ADELAIDE: It was travel time for India’s cricketers on Monday as the team left Melbourne around noon to board the flight to Adelaide, where the focus now shifts to Thursday’s all-import ant semifinal against England.
At Melbourne airport, Virat Kohli headed immediately to the sushi counter while a few others, including captain Rohit Sharma, Deepak Hooda, Arshdeep Singh and Mohammed Siraj instead checked out sunglasses and shades. Yuzvendra Chahal signed a few autographs. Bhuvneshwar Kumar sipped some coffee.
Even with the constant travel, the near-daily adjustment to different time zones and the challenges of rest and recovery in a fast-paced World Cup, the team looks relaxed, confident and in a good zone heading into the semifinals.
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Rishabh Pant and Dinesh Karthik, meanwhile, could be forgiven for having other things on their mind: this deep into the World Cup. With a knockout game looming, with all the talk being of the challenging conditions in Australia, are India now undergoing a last-minute course correction and punting on Pant instead of their designated finisher Karthik?
Coming into the Cup, India were very clear on Karthik’ s role: he would keep wickets and explode with the bat in the last four or five overs. There was no space for the left-handed Pant, arguably the better keeper and more flexible batting option.
There was only one problem with that approach: Karthik is no Suryakumar Yadav. He hasn’t been able to attain the same levels of consistency with the bat while attempting to score at such high strike rates.
T20 is a game of fine margins and cruel twists of fate. Sometimes inches separate a dismissal and a boundary. Sometimes, as Pant found out against Zimbabwe, doing what the team management asks of you can be perilous. Sometimes, as Karthik knows all too well, your precious few opportunities can be held against you.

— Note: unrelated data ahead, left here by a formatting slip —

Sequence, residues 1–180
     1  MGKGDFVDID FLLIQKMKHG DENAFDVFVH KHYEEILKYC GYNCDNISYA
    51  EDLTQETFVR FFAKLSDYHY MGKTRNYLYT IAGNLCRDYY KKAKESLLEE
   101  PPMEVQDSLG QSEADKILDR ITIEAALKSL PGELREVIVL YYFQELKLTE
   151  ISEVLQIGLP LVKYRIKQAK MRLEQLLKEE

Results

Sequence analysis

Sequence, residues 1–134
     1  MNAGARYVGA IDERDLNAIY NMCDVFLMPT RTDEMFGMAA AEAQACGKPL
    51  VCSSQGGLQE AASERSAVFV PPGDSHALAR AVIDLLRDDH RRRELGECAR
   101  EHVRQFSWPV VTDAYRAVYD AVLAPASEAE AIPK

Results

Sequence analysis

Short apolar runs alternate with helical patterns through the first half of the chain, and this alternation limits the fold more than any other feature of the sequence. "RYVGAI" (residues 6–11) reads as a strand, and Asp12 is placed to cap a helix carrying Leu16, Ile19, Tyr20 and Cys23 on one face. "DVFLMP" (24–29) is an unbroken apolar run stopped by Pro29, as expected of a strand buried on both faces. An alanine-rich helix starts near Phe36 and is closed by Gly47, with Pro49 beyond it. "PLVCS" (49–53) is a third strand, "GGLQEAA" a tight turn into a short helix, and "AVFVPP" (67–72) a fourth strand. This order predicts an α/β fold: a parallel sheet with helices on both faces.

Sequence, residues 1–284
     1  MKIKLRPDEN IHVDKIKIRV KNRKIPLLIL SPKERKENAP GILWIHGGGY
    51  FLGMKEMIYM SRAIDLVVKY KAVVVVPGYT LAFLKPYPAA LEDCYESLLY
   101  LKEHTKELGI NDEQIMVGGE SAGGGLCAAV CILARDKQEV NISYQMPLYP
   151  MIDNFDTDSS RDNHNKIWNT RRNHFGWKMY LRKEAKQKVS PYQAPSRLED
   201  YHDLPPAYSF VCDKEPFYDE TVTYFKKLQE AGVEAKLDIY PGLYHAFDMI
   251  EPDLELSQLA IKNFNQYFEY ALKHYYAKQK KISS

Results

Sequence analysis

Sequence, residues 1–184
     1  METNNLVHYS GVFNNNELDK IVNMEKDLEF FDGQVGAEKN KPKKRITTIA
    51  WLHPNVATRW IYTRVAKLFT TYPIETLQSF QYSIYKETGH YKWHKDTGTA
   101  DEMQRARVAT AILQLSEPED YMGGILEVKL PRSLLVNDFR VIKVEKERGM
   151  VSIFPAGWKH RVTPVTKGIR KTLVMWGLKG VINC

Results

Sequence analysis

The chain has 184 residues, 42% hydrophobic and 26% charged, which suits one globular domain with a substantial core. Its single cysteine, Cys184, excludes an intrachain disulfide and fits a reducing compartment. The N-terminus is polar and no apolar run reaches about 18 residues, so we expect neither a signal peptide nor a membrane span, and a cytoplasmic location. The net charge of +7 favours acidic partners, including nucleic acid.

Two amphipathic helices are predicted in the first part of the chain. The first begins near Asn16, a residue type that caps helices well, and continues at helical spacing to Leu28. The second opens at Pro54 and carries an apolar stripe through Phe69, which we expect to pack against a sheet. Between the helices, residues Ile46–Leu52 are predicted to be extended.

Whatever the circumstances surrounding his dismissals, Karthik hasn’t exactly set the World Cup on fire, with scores of 1 against Pakistan at the MCG, 6 against South Africa in Perth and 7 against Bangladesh in Adelaide.
Apart from a 21-ball 46 against South Africa in Indore coming into the World Cup, Karthik has either not got opportunities, remained unbeaten on the kind of low scores people tend not to remember, or got out trying to force the pace. Apart from the Indore knock, his last score above 40 came in July against the West Indies in Tarouba.
That’s the nature of the T20 beast, especially if you are a finisher playing a high-risk game. You will either hit out or get out.
Pant too hasn’t enjoyed the kind of consistency which could force the issue in his favour, but this is the World Cup semifinal and there are the short square boundaries at the Adelaide Oval to consider. Pant is the more flexible left-handed option in the line-up who can be used as a floater to target the likes of Adil Rashid, who takes the ball away from the right-handers, or generally force the issue against spin.
Against Zimbabwe, too, as coach Rahul Dravid suggested, the idea was to use Pant to target the left-arm spin of Sean Williams, who had just got rid of Kohli. Pant’s slog sweep would not have resulted in him losing his wicket either, had it not been for Ryan Burl’s stunner of a diving catch running to his left from long on.
“I’m not bothered about that (Rishabh getting out cheaply). He took the right option. His role was to take on the left-arm spinner who was bowling. Sometimes it comes off and sometimes it doesn’t. I don’t think we judge people on one game, and sometimes whether we play them or not is not based on one game,” Dravid said.
“Sometimes it’s just matchups, what we think would be something that we might need here, or going ahead. It’s not that we ever lost confidence in Rishabh. We’ve got confidence in all of our 15 and they can be called on to play in the XI anytime. Rishabh has been batting a lot in the nets, hitting a lot of balls. . . and keeping himself ready.”
Heading into the semifinal, neither Pant nor Karthik has play ed enough impactful knocks to enable nuanced conclusions about their batting form. In Adelaide, though, Pant could, on paper, be the surprise card against England’s spinners. “A lot of things go into these decisions,” said Dravid, unwilling to divulge more.